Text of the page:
Q COSTA RICA – Staying single (not legally married) was a good business for dozens of children of government employee pensioners. Their ‘single’ status allowed them to collect their parents’ pensions, after their death, without age limit, regardless of profession, or having a salary or other income, or even a stable partner.
The key was to remain single in accordance with the Registro Civil (Civil Registry) records.
Some enjoyed this benefit at being over 60ears of age, according to an analysis of pensions that the Ministry of Labor and Social Security (MTSS) paid to heirs of former public employees.
But that has all stopped.
Last year, the Legislative Assembly put a limit on the time the heirs could collect.
The report by La Nacion indicates, to date, the MTSS has canceled (expired) 65 pensions being paid to heirs who are between 24 and 62 years of age – eleven of them over 50 – with monthly earnings of between ¢100,000 and over ¢5.1 million colones (US$175 and US$8,900 at the current exchange rate).
An example of cases canceled is that of a woman whose father died in 1985, 32 years ago. At the time she was 41, single and with two children, the Ministry of Labor started paying her a pension of ¢5.1 million monthly.
Another case is that of a 62-year-old woman who had been collecting ¢100,000 monthly since 2000, at the age of 45, when her father died.
How was it possible?
In 1943, the Ley de Pensiones de Hacienda (148) – Pensions Act – established that when a government pensioner died, the widow and “the daughters while they remained single” and the sons up to the age of 18, would be entitled to the pension benefits.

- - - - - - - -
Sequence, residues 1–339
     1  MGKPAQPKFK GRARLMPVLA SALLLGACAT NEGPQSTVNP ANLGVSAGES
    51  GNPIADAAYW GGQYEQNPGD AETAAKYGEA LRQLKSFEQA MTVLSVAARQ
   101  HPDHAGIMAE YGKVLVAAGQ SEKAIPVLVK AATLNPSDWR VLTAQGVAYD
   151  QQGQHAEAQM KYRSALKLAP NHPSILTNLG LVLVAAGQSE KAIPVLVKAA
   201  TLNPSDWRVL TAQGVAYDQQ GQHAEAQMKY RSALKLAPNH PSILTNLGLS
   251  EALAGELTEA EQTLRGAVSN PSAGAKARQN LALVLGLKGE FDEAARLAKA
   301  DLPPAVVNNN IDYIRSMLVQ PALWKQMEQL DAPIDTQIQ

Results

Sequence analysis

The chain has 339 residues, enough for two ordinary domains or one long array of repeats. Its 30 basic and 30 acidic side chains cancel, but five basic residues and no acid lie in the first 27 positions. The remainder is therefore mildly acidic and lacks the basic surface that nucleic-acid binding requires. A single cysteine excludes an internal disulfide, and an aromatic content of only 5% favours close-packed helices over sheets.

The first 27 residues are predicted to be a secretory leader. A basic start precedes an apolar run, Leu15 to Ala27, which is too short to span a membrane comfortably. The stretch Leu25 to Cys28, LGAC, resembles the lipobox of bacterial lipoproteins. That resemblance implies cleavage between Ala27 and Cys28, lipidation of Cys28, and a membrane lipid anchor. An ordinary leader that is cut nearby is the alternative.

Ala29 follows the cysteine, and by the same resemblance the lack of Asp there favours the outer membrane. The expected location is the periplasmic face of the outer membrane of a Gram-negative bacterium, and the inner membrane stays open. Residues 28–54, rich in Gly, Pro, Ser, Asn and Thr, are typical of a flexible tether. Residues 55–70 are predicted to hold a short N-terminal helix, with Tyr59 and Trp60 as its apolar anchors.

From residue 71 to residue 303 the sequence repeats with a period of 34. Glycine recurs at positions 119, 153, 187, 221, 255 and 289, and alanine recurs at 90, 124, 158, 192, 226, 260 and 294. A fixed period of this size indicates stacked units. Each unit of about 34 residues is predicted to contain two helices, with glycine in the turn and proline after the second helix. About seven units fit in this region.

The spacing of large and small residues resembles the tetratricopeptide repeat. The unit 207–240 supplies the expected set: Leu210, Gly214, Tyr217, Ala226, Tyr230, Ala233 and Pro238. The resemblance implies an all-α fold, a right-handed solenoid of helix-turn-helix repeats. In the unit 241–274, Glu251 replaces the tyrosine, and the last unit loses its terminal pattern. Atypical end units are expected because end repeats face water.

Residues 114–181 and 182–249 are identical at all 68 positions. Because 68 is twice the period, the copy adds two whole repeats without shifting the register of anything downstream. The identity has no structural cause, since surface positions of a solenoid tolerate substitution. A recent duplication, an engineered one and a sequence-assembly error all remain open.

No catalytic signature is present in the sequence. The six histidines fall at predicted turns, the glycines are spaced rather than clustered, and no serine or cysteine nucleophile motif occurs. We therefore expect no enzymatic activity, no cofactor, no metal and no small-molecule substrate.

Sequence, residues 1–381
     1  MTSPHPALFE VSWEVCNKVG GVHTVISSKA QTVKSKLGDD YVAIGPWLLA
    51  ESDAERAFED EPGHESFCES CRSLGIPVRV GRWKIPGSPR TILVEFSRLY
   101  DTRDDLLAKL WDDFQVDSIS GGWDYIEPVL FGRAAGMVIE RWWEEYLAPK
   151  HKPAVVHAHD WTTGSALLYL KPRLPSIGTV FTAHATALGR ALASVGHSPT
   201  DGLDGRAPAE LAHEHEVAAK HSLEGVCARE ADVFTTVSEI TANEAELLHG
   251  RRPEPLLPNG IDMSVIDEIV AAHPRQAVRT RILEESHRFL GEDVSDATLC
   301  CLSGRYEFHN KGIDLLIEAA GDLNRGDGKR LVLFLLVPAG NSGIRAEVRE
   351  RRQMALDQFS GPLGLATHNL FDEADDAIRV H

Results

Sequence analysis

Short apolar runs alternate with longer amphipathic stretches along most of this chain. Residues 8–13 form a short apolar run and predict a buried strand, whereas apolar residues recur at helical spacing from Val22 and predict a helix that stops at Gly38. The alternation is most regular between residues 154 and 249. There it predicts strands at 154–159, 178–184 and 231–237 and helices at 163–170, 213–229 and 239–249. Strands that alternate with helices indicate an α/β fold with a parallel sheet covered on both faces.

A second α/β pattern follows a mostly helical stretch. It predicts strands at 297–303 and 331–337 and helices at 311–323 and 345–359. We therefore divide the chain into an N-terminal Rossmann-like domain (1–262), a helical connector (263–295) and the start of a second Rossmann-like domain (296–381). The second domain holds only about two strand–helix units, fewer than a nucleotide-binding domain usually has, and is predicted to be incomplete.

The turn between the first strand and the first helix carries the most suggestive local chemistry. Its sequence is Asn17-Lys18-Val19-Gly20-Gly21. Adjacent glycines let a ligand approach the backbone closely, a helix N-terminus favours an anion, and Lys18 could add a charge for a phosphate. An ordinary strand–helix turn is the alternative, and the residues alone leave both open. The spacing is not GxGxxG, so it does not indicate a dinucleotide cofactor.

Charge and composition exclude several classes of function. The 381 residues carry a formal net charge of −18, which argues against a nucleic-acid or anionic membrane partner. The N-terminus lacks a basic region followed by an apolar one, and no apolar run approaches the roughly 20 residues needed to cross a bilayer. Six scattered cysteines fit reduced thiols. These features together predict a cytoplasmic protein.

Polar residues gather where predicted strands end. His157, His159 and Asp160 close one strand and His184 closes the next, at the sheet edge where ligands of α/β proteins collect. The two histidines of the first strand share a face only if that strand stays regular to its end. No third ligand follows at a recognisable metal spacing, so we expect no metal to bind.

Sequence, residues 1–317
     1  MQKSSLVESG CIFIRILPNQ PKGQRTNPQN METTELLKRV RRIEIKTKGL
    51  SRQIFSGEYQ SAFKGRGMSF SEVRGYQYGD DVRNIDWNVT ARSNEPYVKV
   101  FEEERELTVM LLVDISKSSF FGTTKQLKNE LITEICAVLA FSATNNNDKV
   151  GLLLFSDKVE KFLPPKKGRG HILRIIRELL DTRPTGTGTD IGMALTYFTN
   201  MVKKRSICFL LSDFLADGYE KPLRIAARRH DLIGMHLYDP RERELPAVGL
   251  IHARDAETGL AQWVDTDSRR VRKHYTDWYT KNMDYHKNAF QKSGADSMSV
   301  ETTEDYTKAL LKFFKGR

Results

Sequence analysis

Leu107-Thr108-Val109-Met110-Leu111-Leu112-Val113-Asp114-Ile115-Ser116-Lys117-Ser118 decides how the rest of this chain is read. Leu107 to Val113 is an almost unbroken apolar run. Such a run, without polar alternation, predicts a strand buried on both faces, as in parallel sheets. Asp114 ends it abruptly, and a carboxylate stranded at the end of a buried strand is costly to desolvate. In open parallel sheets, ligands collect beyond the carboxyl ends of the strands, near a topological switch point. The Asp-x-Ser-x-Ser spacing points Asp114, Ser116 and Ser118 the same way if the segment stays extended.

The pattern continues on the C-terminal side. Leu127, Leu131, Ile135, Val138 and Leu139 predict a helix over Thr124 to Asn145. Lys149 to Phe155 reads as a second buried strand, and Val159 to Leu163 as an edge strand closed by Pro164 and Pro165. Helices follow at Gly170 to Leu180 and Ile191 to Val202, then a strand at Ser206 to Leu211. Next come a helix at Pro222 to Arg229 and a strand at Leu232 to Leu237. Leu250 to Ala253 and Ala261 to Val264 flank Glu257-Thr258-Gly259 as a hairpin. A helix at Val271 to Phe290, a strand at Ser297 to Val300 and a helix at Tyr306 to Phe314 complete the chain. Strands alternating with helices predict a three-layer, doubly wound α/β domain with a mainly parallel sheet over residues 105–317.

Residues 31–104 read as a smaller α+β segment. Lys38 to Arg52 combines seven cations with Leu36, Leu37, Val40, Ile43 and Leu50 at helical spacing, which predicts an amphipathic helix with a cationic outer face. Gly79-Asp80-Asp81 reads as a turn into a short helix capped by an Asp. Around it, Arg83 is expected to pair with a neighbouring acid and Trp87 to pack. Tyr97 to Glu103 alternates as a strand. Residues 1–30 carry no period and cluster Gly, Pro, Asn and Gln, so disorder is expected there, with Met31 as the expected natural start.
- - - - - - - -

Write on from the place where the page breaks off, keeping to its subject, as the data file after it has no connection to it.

According to the wording, it was interpreted that there was no age limit for the daughters to continue to receive their father’s pension benefits provided they did not marry, even if they had a profession, salary or other income, even children and in a stable relationship.
If there were several beneficiaries (widow and children), the amount was divided between them.
The benefit was granted even if the official died before retirement, provided that he had served the State for more than ten years. In that case, the amount of the salary was the benefit granted at the time of death.
In 2003, a Constitutional Court (Sala Constitutioncal or Sala IV) determined the law discriminatory and ruled the benefit be extended to the sons as well.
In contrast, for all to those insured in the Old Age and Death Pension of the Caja Costarricense de Seguro Social (CCSS), their children only inherit the pensions of their deceased parents if they are unmarried and under 18 years of age, or if up to 25 years old and are studying.
The change in the government workers pensions (paid by the MTSS) came last year when Legislators, within the reforms to the “luxury retirement” benefits, put a time limit on the collections by daughters and sons.
“A person could die at age 70 and the daughter is 45 years old and could apply for the right,” said the Deputy Minister of Labor, Juan Alfaro, in explaining that, “it is normal to help an underage person if they are under the age of 18 or they are under the age of 25 and is studying. After age 25, there is no logical reason (…).”
Who can now benefit?
In force since July 2016, the reform to the law stipulates that heirs of government pensioners can benefit only if they are single and under the of 18 or 25 if they are studying.
In the case of those between the age of 18 and 25, the law requires them to provide the MTSS Department of Pensions with a certification from their education center(s), that they are regular students. The MTSS can cancel the benefit if they drop out of school or the educational center reports irregularities.
Deputy Minister Alfaro explained that the benefit will continue for people over 65, as well as those who have disabilities or declaration of insanity by the CCSS. The MTSS says it has found 43 such cases.
Alfaro added that the MTSS currently faces two appeals against the reform.